PEOPLE v. BENITEZ

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Supreme Court, Appellate Division, Second Department, New York.

The PEOPLE, etc., respondent, v. Ricardo BENITEZ, appellant.

Decided: August 20, 2014

RUTH C. BALKIN, J.P., JOHN M. LEVENTHAL, JOSEPH J. MALTESE and HECTOR D. LASALLE, JJ. Dechert LLP, New York, N.Y. (Andrew J. Levander, James M. McGuire, Matthew L. Mazur, and K. Keely Rankin of counsel), for appellant. Richard A. Brown, District Attorney, Kew Gardens, N.Y. (John M. Castellano, Johnnette Traill, and Laura T. Ross of counsel), for respondent.

Appeal by the defendant from a judgment of the Supreme Court, Queens County (Latella, J.), rendered December 14, 2010, convicting him of robbery in the first degree and robbery in third degree, upon a jury verdict, and imposing sentence.

ORDERED that the judgment is reversed, on the law and as a matter of discretion in the interest of justice, and a new trial is ordered.

In fulfilling our responsibility to conduct an independent review of the weight of the evidence (see CPL 470.15[5]; People v. Danielson, 9 NY3d 342), we nevertheless accord great deference to the jury's opportunity to view the witnesses, hear the testimony, and observe demeanor (see People v. Mateo, 2 NY3d 383; People v. Bleakley, 69 N.Y.2d 490, 495). Upon reviewing the record here, we are satisfied that the verdict of guilt was not against the weight of the evidence (see People v. Romero, 7 NY3d 633).

The defendant's contention that he was deprived of his right to effective assistance of counsel at the independent source hearing and at trial is without merit (see People v. Baldi, 54 N.Y.2d 137, 146–147).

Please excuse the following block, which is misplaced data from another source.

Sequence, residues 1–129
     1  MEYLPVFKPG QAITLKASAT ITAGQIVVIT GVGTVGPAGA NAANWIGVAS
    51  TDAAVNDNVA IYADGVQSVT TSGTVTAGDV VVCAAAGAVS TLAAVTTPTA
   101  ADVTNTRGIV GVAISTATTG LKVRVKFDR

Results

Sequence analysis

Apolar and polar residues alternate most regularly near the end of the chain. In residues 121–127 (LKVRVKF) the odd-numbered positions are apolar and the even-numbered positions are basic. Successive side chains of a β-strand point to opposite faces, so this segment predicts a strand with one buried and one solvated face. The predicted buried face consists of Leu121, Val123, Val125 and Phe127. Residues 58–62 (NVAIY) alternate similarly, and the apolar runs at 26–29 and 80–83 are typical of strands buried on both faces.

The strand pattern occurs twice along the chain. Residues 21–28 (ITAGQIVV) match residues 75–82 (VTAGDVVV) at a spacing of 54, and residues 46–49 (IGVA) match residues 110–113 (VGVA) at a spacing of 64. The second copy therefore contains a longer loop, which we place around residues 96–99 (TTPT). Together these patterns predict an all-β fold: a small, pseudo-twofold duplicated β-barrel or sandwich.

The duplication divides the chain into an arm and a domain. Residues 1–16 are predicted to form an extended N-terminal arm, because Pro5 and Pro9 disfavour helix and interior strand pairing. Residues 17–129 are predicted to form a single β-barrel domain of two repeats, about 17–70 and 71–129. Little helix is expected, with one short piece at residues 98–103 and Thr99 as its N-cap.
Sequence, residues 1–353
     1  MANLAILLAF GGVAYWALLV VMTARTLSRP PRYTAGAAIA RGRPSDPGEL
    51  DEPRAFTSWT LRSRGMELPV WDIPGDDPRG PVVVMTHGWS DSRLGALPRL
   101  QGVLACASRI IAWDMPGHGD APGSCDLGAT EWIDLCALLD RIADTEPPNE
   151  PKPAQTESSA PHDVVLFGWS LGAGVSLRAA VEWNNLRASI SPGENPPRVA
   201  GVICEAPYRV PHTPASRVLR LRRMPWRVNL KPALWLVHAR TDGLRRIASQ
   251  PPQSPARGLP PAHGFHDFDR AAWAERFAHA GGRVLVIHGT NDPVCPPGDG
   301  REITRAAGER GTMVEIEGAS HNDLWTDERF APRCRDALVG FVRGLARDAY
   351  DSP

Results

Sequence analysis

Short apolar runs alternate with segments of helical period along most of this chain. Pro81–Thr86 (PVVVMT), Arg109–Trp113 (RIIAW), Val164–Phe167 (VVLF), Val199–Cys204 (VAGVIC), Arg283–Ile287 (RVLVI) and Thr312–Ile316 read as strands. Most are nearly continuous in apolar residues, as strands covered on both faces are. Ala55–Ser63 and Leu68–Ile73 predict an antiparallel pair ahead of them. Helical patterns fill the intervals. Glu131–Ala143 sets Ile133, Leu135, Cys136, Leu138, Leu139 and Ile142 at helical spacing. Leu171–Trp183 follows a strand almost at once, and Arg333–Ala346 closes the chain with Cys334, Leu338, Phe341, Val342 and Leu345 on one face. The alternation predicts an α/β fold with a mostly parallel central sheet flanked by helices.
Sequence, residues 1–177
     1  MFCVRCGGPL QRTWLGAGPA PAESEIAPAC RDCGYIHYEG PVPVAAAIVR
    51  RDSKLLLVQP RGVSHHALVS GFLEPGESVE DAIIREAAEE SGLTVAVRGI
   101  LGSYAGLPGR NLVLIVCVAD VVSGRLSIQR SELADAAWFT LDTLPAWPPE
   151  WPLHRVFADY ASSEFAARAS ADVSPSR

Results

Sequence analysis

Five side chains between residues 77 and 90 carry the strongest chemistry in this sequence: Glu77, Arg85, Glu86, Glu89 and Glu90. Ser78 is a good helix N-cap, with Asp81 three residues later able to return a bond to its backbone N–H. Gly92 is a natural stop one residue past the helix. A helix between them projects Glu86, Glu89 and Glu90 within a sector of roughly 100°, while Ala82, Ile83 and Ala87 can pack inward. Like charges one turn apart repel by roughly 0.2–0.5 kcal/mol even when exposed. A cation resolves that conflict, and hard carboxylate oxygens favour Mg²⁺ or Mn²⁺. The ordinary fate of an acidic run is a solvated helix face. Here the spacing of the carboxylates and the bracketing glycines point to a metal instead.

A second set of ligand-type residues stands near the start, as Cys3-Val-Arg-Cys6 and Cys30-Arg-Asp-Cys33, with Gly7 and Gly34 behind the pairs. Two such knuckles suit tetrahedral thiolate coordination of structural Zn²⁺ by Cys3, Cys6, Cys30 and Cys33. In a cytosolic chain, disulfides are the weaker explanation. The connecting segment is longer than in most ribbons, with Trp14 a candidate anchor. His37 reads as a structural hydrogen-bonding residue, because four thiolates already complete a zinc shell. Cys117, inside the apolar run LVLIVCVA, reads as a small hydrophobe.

Nonetheless, we conclude that a new trial is necessary. The defendant was charged with crimes related to a robbery of a Radio Shack store. A detective testified during the People's case that he had received information through the “Crime Tips Office” and that, after further investigation, he began looking for a “White male Hispanic, with the possible name of Rick.” The detective went to an apartment on the sixth floor of a building located at 82–01 Rockaway Beach Boulevard in Queens, but did not find a person fitting that description. Later that day, however, the detective was provided with information that the person for whom he was looking was in front of that building. Upon arriving there, the detective arrested the defendant, Ricardo Benitez. The detective also testified that the defendant, in providing pedigree information, gave his address as 82–01 Rockaway Beach Boulevard, Apartment 6B.

During summation, the prosecutor strongly implied that whoever had provided the tip had implicated the defendant: “Someone calls 577–TIPS․ [The detective] gets this information and where does he go? 82–01 Rockaway Beach Boulevard, make a left out of the elevator. I'm looking for a guy named Rick who lives on the sixth floor. Ricardo Benitez.” After defense counsel's objection to this remark was overruled, the prosecutor continued: “Gave Detective Lopez the following address. 82–01 Rockaway Beach Boulevard, 6B. Rick. Ladies and gentlemen, I introduce you to Rick.” Defense counsel again objected, but the Supreme Court again overruled the objection.

The only purpose of the prosecutor's improper comments was to suggest to the jury, in this one-witness identification case, that the complainant was not the only person who had implicated the defendant in the commission of the robbery (see People v. Mendez, 22 AD3d 688, 689). Moreover, in overruling defense counsel's objections, the Supreme Court “legitimized” the prosecutor's improper remarks (People v. Lloyd, 115 AD3d 766, 769). The defendant, of course, was given no opportunity to cross-examine the unnamed witness who had allegedly provided the tip (see People v. McEaddy, 41 AD3d 877, 879–880; cf. Crawford v. Washington, 541 U.S. 36). The evidence against the defendant was not overwhelming, so there is no basis for the application of harmless error analysis (see People v. Crimmins, 36 N.Y.2d 230, 237; People v. Brown, 26 AD3d 392, 393). To the extent that the defendant failed to preserve the claim by specific objection, we reach the issue in the exercise of our interest of justice jurisdiction, and reverse the judgment (see CPL 470.15[6][a] ).

In light of our determination, we need not address the defendant's remaining contentions.

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